While that's true on its face, there's more to the story, and it's likely to become a significant headache for his successor.
Obama and his supporters are correct in reporting that a budget gap when he took office of some $1.4 trillion has been trimmed significantly. The 2014 projection was for a $506 billion shortfall, while the 2015 number comes down to $469 billion, according to the Congressional Budget Office.
"At every step, we were told our goals were misguided or too ambitious; that we would crush jobs and explode deficits. Instead, we've seen the fastest economic growth in over a decade, our deficits cut by two-thirds, a stock market that has doubled and health care inflation at its lowest rate in 50 years," Obama said.
"At this moment — with a growing economy, shrinking deficits, bustling industry and booming energy production — we have risen from recession freer to write our own future than any other nation on Earth," he added later in the speech.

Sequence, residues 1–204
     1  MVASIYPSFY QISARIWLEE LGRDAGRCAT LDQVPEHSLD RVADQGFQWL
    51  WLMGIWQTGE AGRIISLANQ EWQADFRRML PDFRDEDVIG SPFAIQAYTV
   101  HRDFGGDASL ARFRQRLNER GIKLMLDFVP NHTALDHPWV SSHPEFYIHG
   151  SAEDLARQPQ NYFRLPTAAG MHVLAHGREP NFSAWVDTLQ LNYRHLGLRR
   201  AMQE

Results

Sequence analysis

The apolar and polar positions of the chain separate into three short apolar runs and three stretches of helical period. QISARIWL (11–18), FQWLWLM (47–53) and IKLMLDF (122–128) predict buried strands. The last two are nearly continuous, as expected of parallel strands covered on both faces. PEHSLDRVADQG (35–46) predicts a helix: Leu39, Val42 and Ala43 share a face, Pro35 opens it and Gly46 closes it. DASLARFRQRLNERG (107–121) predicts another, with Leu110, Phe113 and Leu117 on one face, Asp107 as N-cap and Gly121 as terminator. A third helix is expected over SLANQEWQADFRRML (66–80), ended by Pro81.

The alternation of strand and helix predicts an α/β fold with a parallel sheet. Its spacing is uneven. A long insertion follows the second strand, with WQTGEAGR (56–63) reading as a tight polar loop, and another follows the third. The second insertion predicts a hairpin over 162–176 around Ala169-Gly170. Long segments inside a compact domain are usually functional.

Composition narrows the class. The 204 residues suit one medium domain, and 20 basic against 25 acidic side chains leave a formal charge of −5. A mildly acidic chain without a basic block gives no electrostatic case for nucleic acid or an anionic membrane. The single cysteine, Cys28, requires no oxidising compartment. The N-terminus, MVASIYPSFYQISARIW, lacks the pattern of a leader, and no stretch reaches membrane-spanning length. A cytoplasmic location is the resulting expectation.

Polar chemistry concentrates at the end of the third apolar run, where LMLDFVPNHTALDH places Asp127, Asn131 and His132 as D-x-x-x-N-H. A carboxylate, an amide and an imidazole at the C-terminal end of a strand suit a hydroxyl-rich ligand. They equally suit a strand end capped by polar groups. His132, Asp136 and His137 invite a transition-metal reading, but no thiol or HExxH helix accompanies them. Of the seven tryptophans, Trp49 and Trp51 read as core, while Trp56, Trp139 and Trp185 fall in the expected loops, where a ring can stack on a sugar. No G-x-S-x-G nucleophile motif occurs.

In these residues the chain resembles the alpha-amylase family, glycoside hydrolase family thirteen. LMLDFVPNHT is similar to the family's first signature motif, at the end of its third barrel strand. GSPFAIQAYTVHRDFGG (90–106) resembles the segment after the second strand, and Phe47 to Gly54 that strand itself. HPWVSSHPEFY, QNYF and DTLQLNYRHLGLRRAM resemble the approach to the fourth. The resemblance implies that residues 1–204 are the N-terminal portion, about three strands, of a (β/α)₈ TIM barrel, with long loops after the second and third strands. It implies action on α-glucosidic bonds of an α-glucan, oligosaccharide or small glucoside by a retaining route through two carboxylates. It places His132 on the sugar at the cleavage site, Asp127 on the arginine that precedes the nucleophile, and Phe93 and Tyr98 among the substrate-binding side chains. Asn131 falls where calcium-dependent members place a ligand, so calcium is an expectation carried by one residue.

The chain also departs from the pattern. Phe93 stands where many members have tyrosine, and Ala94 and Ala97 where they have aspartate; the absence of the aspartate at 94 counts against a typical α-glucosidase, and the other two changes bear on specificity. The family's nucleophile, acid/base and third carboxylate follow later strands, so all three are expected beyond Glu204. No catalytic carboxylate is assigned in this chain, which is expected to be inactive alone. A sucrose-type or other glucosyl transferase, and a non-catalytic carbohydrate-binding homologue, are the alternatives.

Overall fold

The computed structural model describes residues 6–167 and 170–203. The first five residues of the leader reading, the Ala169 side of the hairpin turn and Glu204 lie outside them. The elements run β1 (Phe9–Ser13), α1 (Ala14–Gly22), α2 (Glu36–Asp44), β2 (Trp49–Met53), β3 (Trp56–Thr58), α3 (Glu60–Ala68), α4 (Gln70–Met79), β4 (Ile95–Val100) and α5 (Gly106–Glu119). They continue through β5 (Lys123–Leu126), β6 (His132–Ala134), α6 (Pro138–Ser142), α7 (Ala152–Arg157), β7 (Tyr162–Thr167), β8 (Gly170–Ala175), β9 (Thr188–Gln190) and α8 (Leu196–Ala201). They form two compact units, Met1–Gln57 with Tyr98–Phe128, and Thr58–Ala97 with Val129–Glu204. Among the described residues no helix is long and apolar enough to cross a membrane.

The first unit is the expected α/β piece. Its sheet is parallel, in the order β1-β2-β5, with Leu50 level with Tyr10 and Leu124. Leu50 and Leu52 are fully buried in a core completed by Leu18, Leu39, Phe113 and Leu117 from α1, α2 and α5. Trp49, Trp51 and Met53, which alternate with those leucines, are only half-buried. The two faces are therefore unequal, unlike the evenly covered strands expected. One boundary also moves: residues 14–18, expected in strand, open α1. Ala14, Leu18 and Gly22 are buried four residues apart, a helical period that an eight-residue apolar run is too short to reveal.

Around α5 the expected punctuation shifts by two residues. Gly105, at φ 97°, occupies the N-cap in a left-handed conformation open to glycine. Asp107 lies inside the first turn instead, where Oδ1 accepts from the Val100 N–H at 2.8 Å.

Rising economic inequality is casting a shadow over the World Economic Forum, a conference dominated by the proverbial 1 percent.
Oxfam, in a report timed to the start of the Davos conference, estimated that the combined wealth of the world's richest 1 percent could overtake that of the remaining 99 percent by 2016.
"Inequality is rising, and rising fast," Winnie Byanyima, executive director of Oxfam International, told CNBC on Tuesday. "This is dangerous. It is bad for democracy and for stable societies and it is bad for (economic) growth. The poor hurt."
The World Economic Forum is teeming with elite investors this week, and it's not just to talk their own book.
"Davos," said Blackstone Group spokesman Peter Rose, "offers Steve [Schwarzman] an unparalleled opportunity in a highly efficient way to meet the leading politicians, business leaders, government officials, academics, central bankers and other thought leaders so as to better understand the myriad crosscurrents in the world's economies."